The North–South divide in research and innovation is narrowing, says the latest UNESCO Science Report. UNU-MERIT founder Luc Soete presented the executive summary at the launch event at UNESCO headquarters in Paris. The full report is embedded below.
The report includes several contributions by UNU-MERIT fellows, including chapter 1: ‘A World in Search of an Effective Growth Strategy’ by Luc Soete et al; Chapter 2: ‘Tracking Trends in Innovation and Mobility’, by Director Bart Verspagen, Senior Researcher Hugo Hollanders, PhD Fellow Elvis Avenyo, et al; Chapter 9: ‘European Union’, by Researcher Minna Kanerva and Senior Researcher Hugo Hollanders; and Chapter 17: ‘The Arab States’ by Affiliated Researcher Samia Mohamed-Nour et al. Additionally, the report’s Editorial Board included Prof. Fred Gault, PhD Fellow Shuan SadreGhazi, and Affiliated Researcher Can Huang.
The report’s first lesson is that, despite the recent economic crisis, gross domestic expenditure on research and development (GERD) increased globally by 31% between 2007 and 2013, rising from US$1,132 billion in 2007 to US$1,478 billion in 2013. This increase was more rapid than that of global gross domestic product (GDP) during the same period (20%).
The USA still leads, with 28% of global investment in R&D, followed by China (20%) – now ahead of the European Union (19%) – and Japan (10%). The rest of the world represents 67% of the global population but just 23% of global investment in R&D. Nevertheless, research investment by countries such as Brazil, India and Turkey is increasing rapidly. The investment in research also translates into an increase in the number of scientists, estimated at 7.8 million worldwide, which is up by more than 20% since 2007. The EU has the most (22% of the world share), followed by China (19%) and USA (16.7%).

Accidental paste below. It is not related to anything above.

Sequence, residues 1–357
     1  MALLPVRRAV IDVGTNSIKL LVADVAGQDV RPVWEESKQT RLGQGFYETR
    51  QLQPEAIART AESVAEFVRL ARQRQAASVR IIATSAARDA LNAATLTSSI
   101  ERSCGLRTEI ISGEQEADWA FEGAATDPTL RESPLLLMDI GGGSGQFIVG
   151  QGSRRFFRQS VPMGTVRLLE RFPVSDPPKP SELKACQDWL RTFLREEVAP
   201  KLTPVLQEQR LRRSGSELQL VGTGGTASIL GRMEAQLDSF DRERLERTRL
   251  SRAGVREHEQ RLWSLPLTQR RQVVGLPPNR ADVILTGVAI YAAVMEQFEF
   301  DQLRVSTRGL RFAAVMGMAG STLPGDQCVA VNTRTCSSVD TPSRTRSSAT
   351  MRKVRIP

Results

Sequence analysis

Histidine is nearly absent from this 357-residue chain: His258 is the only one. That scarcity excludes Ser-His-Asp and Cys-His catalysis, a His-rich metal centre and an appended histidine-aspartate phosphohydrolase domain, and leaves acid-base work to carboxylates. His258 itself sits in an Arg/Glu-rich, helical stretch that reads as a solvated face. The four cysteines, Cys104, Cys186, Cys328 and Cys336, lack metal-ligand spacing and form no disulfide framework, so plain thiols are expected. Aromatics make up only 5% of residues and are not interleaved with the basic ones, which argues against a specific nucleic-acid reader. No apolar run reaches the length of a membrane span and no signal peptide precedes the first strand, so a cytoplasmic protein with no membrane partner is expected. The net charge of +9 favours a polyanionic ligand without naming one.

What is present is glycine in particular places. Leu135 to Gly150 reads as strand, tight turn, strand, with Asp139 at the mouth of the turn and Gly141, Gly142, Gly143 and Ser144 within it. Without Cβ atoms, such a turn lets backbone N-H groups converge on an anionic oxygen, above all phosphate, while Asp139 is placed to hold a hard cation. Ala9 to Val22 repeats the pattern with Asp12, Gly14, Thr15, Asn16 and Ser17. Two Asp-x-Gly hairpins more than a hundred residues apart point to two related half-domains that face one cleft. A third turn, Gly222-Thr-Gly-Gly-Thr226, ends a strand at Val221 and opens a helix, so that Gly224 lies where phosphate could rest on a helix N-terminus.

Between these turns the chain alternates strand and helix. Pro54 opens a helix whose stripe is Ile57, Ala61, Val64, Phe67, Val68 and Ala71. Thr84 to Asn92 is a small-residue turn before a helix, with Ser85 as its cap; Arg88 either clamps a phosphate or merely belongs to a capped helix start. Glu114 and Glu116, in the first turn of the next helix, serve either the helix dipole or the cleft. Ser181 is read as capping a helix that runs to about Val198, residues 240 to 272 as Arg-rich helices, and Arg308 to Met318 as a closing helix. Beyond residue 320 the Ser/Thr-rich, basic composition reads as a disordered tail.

There has also been a parallel explosion in the number of scientific publications, which have increased by 23% since 2008. In 2014 there were around 1.27 million per month. Europe also leads in this field (34% of world share), followed by the USA (25%), although their respective shares have seen a slight decrease. The number of publications coming out of China has almost doubled in five years, achieving nearly 20% of the world total, compared to 5% ten years ago. This demonstrates the maturity of the Chinese research system in terms of investments, number of researchers and publications.
View the report below or click here to download.